Stocks on Wall Street slid by the most in almost a year on Thursday after a disappointing earnings report from Facebook parent Meta reverberated through the market.
The S&P 500 index fell 2.4 per cent, its biggest drop since February 2021, driven largely by falls in tech stocks that dominate the blue-chip US index. The slide ended a four-day rally and took the S&P’s declines this year to 6.1 per cent.
The losses for the tech-heavy Nasdaq Composite were more intense, with the index that counts Meta and Amazon as members, declining 3.7 per cent, its worst day since September 2020.
Investors were shaken by Wednesday’s results from Meta, sending the company’s shares down 26.4 per cent and wiping more than $230bn off its valuation, an unprecedented single-day loss for a listed company.
Meta overnight reported its first decline in daily active users and warned of increased competition from rivals such as ByteDance’s TikTok platform.
Shares of PayPal fell 6 per cent, bringing their total decline to just under 30 per cent since the closing bell on Tuesday when the payments company warned that a weakening ecommerce environment would slow its growth rate. Music streaming platform Spotify also delivered a weak outlook for first-quarter subscriber growth, sending its shares down 17 per cent on Thursday.
Shares in many tech companies rose during the pandemic, fuelled by a combination of coronavirus lockdowns keeping customers at home and ultra-low interest rates increasing the appeal of more speculative investments.
But this year, some traders have started to think that the coronavirus is becoming milder and the US central bank has signalled that it is poised to rapidly raise borrowing costs, casting a pall over Wall Street’s big tech groups.
“Fingers have been hovering over the sell trigger for the tech sector,” said Gregory Perdon, co-chief investment officer at Arbuthnot Latham. “So when you get an announcement like [Meta’s], investors see the beginning of the end.”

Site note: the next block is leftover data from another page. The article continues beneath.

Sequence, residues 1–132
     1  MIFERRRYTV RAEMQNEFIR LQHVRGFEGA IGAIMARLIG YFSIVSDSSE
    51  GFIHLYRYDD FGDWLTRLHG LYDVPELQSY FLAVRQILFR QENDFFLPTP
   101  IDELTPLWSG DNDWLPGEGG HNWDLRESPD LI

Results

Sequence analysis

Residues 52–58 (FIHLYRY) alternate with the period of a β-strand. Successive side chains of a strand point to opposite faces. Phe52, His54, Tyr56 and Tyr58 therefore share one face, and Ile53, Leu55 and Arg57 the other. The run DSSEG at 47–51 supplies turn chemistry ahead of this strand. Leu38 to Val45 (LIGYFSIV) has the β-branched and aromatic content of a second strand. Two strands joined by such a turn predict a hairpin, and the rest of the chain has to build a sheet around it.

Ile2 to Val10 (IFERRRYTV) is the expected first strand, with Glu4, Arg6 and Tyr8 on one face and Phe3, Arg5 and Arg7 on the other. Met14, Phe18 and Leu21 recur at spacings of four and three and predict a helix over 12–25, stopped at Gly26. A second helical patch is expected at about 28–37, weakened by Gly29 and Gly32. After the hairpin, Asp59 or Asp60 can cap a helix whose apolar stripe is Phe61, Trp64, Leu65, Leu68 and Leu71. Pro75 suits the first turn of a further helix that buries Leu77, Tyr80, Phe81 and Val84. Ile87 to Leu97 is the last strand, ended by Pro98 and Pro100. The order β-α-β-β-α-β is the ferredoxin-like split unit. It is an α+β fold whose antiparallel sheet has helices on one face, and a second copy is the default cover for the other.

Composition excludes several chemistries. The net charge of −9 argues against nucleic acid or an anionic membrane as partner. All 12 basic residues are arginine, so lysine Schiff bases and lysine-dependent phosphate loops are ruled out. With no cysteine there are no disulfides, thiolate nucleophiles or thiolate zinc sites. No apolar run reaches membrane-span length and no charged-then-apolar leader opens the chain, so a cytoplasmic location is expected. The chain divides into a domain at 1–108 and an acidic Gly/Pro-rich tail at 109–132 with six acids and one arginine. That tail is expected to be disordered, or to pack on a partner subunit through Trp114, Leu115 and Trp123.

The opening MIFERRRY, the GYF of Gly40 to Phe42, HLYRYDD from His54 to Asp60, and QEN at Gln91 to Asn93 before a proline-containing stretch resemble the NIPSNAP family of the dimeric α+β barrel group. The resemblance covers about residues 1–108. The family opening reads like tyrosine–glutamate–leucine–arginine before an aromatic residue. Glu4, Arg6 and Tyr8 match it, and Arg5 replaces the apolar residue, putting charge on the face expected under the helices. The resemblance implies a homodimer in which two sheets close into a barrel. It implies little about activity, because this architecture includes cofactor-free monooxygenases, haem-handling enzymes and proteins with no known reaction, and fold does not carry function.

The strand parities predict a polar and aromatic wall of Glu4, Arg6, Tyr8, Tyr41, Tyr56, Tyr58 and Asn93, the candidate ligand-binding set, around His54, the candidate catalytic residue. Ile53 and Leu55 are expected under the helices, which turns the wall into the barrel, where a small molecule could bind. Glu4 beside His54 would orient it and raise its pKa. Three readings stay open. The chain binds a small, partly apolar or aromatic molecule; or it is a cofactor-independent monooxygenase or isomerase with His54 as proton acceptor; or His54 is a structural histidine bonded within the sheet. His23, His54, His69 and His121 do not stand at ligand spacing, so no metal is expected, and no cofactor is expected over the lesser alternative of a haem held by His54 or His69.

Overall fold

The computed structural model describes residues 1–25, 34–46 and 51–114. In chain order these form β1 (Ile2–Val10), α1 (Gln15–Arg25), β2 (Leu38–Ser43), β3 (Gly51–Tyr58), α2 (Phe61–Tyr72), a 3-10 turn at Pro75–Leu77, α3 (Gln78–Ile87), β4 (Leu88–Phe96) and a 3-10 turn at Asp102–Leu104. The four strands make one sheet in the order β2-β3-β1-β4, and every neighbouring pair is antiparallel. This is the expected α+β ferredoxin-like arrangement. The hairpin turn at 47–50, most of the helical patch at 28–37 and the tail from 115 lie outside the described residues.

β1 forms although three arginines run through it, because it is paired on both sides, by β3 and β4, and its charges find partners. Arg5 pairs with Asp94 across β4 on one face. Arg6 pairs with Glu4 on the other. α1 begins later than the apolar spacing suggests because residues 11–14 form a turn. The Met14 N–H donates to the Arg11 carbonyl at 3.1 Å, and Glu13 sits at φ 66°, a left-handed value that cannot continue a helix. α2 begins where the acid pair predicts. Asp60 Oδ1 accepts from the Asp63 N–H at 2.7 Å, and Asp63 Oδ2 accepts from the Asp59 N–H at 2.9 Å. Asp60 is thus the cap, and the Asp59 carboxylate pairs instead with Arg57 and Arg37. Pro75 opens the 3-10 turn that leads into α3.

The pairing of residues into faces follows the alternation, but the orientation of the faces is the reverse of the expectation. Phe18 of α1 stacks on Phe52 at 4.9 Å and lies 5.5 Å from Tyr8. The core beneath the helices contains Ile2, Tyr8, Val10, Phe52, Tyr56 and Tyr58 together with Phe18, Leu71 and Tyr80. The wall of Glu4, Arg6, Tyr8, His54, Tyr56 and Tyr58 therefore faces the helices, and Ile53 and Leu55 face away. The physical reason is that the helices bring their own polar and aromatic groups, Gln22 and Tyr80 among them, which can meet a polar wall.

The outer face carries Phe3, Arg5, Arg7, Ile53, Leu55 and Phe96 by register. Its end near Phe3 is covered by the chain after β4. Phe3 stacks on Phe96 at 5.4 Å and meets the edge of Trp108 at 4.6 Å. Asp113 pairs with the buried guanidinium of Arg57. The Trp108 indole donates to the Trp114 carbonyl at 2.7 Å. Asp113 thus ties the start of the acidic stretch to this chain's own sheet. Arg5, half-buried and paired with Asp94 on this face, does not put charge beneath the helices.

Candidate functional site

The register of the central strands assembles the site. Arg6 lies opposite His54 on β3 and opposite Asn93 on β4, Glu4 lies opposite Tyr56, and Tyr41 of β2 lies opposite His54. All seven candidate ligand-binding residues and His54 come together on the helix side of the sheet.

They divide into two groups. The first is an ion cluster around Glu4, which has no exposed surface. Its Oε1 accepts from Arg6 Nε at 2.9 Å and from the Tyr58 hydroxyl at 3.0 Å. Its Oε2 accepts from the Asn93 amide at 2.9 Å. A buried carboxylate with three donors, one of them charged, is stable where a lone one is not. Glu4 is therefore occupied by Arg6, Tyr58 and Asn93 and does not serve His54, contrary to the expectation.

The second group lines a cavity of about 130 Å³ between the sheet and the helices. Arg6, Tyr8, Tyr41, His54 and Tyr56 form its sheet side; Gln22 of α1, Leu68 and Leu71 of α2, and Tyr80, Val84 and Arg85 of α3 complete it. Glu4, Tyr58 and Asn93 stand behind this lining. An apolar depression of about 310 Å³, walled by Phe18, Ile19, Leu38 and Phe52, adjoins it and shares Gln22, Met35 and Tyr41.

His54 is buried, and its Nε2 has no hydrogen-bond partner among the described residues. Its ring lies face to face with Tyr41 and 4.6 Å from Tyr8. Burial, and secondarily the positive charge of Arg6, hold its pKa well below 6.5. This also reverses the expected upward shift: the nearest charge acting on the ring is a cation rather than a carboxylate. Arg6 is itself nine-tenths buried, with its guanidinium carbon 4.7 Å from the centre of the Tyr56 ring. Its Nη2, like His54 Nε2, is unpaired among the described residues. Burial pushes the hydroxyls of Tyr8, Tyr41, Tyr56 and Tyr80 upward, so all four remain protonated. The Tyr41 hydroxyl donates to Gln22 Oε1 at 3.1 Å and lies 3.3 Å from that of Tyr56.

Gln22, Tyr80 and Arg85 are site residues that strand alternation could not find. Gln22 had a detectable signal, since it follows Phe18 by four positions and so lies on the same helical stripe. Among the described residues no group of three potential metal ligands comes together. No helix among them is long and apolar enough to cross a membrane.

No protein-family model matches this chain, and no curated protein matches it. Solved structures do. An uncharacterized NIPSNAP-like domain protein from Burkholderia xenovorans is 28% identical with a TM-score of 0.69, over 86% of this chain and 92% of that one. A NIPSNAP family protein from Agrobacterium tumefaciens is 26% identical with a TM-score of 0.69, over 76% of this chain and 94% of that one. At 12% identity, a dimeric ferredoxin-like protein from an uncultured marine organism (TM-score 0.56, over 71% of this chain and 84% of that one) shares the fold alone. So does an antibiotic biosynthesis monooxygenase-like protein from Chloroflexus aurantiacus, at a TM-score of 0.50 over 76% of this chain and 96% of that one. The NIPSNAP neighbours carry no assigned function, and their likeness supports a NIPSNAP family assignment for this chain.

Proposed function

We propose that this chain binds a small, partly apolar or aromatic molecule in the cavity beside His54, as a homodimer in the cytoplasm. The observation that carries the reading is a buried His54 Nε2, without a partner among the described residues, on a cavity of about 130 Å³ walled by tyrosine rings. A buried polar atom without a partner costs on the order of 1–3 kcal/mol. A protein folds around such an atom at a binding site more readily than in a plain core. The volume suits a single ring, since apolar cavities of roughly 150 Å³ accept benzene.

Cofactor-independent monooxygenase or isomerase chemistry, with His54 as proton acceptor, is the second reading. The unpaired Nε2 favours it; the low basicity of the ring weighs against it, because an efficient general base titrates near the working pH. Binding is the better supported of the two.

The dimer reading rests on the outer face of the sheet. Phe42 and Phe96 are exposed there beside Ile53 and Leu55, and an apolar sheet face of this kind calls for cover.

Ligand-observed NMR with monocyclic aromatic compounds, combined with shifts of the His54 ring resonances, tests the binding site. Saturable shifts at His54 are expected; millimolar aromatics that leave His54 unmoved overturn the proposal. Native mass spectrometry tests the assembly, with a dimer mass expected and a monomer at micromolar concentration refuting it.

The earnings figures from Meta sparked manic shifts in the market with investors punishing Snap and Amazon as a result. But results from the two companies, released late on Thursday, prompted an immediate about-face. Snap, which had fallen 24 per cent during the trading day, rallied nearly 40 per cent in after-hours trading.
For Amazon, an 18 per cent surge in after-hours trading helped more than reverse the entirety of its 8 per cent decline it registered in the session.
In Hong Kong on Friday, the benchmark Hang Seng index rose 2.6 per cent as the city’s bourse reopened following a three-day holiday. Electric vehicle and battery maker BYD led gains with a climb of 6.3 per cent.
Chinese tech leaders Alibaba and JD.com rose 4.5 and 1.5 per cent, respectively, helping push the Hang Seng Tech index up 2.2 per cent.
“It’s a bit of catch-up rally for Hong Kong because during the [lunar new year] holiday, the US did quite well,” said Louis Tse, managing director at Hong Kong-based brokerage Wealthy Securities. “But of course now there’s been a sell off for Meta.”
In Europe, the regional Stoxx 600 share index fell 1.8 per cent, with its tech sub-index dropping 3.5 per cent.
The yield on the UK’s benchmark 10-year gilt climbed 0.11 percentage points to 1.36 per cent, representing a significant fall in the price, after the Bank of England raised interest rates by a quarter point to 0.5 per cent and bumped up its inflation forecast to an April peak of 7.25 per cent.
Germany’s equivalent Bund yield rose 0.10 percentage points to 0.14 per cent, after Christine Lagarde, European Central Bank president, in a press conference, declined to rule out lifting interest rates this year. Eurozone inflation hit a record of 5.1 per cent in January.
Unhedged — Markets, finance and strong opinion
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